Police Chief George Gascón’s fight to bring Tasers to the San Francisco Police Department fizzled after a divided Police Commission rejected the controversial stun guns.
“I think we’re going to wait,” Gascón said Thursday after a marathon meeting at City Hall the previous night. “The commission has spoken and we’re moving forward. We’ve got a city to run.”
Gascón has been the driving force behind equipping officers with Tasers, something he calls a “less-lethal weapon,” since he took over the department in August. A wide-ranging study of the SFPD by the Police Effectiveness Review Forum also suggested the use of electric stun guns.
But the Police Commission voted 4-3 to reject Gascón’s efforts to develop a policy on Tasers. While there was some confusion about whether the commission was voting to allow Tasers or allowing the SFPD to develop a policy, in the end, the decision shut the door on the devices.
The main opponent, Commissioner Petra DeJesus, objected to the cost of Tasers and the lack of information on their safety.
“The real question is: Do we need or want Tasers in San Francisco?” DeJesus said.
The cost of equipping a single officer with a Taser, the cartridges that serve as ammunition and a holster is about $1,000, according to Taser International spokesman Steve Tuttle. Equipping SFPD officers could cost up to $2 million, although Gascón has said he would look for alternative funding.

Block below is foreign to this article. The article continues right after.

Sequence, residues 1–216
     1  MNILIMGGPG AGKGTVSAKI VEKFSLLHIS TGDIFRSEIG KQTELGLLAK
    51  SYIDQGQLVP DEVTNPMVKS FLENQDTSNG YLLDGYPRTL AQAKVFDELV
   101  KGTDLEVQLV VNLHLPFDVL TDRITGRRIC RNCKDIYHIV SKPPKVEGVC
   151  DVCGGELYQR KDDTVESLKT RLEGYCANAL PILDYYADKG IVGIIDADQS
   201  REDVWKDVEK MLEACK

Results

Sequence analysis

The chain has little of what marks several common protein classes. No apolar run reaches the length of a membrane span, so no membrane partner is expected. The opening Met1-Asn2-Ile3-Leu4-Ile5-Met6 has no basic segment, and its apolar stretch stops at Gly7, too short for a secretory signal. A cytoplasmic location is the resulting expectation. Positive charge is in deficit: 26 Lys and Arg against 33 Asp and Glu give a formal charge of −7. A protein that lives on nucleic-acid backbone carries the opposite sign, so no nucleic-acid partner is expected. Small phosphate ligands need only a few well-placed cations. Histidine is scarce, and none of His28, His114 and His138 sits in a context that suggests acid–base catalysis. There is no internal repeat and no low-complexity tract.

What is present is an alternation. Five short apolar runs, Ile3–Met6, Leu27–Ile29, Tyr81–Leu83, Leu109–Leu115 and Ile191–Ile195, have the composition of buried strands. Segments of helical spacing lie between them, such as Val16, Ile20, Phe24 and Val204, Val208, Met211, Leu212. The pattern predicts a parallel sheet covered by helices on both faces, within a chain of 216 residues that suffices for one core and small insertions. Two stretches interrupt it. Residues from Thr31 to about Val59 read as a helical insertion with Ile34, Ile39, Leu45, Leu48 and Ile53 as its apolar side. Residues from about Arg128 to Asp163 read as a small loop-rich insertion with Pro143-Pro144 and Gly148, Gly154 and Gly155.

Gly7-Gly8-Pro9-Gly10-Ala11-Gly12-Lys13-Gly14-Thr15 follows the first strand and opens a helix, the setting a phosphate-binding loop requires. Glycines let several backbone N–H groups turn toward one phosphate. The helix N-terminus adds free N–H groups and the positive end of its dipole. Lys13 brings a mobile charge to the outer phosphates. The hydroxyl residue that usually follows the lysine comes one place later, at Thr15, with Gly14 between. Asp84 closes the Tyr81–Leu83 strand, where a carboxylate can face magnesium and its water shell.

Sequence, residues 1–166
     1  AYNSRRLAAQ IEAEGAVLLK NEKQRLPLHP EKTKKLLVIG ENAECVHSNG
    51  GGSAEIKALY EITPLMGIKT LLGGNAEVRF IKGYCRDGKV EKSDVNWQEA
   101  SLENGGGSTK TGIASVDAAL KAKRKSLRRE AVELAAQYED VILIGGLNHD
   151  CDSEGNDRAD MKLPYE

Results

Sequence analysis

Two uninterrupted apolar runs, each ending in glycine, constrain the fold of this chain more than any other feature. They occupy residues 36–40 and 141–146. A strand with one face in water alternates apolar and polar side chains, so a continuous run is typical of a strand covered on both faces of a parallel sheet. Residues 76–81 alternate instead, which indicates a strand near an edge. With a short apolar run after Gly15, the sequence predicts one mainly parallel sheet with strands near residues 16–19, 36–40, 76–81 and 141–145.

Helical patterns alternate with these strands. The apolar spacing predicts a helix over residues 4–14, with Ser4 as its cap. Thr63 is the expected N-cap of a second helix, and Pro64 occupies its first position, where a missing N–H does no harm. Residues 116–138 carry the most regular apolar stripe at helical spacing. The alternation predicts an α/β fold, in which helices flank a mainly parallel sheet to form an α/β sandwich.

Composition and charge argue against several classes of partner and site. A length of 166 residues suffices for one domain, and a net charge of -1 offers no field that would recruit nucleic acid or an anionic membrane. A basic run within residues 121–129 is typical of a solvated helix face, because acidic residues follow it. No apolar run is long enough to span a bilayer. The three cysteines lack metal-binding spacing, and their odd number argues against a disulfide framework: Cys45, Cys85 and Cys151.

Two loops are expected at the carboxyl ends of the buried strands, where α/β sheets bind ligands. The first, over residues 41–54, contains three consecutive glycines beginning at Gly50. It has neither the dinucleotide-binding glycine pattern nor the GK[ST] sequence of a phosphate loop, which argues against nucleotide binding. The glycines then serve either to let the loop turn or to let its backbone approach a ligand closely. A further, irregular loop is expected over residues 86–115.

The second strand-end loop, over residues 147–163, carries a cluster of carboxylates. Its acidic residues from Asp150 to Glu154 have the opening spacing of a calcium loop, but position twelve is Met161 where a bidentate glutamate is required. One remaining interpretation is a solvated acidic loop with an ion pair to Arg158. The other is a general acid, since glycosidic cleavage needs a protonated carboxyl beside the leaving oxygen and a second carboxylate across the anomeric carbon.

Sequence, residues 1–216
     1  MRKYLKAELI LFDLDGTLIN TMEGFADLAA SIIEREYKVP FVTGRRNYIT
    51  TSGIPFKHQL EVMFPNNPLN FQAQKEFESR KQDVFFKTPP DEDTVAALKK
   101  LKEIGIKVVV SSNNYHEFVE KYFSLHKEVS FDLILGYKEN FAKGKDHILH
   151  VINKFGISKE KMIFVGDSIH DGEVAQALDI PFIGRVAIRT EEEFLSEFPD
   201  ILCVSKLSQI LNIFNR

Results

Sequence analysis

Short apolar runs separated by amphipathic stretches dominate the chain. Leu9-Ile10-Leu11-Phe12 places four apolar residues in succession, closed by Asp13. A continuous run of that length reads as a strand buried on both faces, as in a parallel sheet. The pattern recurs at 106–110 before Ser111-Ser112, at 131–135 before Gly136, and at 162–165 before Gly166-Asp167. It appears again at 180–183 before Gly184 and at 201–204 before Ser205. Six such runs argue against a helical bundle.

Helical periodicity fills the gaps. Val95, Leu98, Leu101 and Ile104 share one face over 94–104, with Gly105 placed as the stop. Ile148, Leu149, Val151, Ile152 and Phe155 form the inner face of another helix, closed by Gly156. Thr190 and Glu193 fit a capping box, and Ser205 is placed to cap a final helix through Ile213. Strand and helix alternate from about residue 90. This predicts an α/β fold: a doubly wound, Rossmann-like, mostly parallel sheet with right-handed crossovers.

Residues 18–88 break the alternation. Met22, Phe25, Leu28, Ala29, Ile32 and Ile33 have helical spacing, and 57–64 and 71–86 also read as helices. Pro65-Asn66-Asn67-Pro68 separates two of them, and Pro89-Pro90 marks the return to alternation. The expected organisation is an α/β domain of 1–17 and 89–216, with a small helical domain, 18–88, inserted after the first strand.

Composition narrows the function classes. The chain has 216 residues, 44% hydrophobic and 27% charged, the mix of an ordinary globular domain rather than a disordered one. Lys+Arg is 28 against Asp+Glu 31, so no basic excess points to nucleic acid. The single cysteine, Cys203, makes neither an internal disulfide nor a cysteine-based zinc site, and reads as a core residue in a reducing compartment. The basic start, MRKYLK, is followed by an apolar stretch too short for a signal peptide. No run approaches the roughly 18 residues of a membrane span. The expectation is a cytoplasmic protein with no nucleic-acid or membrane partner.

San Francisco is one of four big-city police departments in the nation that don’t use Tasers. The others are Detroit, Washington, D.C., and Boston, Tuttle said, adding that the debate about their use is nothing new.
Commissioner Jim Hammer — who has waffled during the past two weeks on whether to equip SFPD officers with Tasers and ended up being the swing vote — said his decision was based on a study presented Wednesday night.
UC San Francisco cardiologists Byron Lee and Zian Tseng provided scientific data on Tasers on Wednesday. Data provided by law enforcement agencies from 50 cities found the number of in-custody deaths multiplied by six in the first year a department started using Tasers, and then decreased in subsequent years.
“From a medical and scientific standpoint ... there is a risk of causing sudden death,” Lee said.
As for continuing the fight for Tasers, Gascón said that without the support of the Police Commission, “there’s nowhere left to go.”
“This turned out to be a very confusing and very emotional and ideologically driven debate,” Gascón said.
Police using stun guns
15,100 Law enforcement agencies that use Tasers
471,000 Tasers sold
5,950 Agencies that make Tasers standard equipment
29 of the 33 largest cities use Tasers
$1,000 Estimated cost per officer for stun gun, cartridges and holster
1,931 Latest number of sworn SFPD officers
Sources: Taser International, S.F. Police Department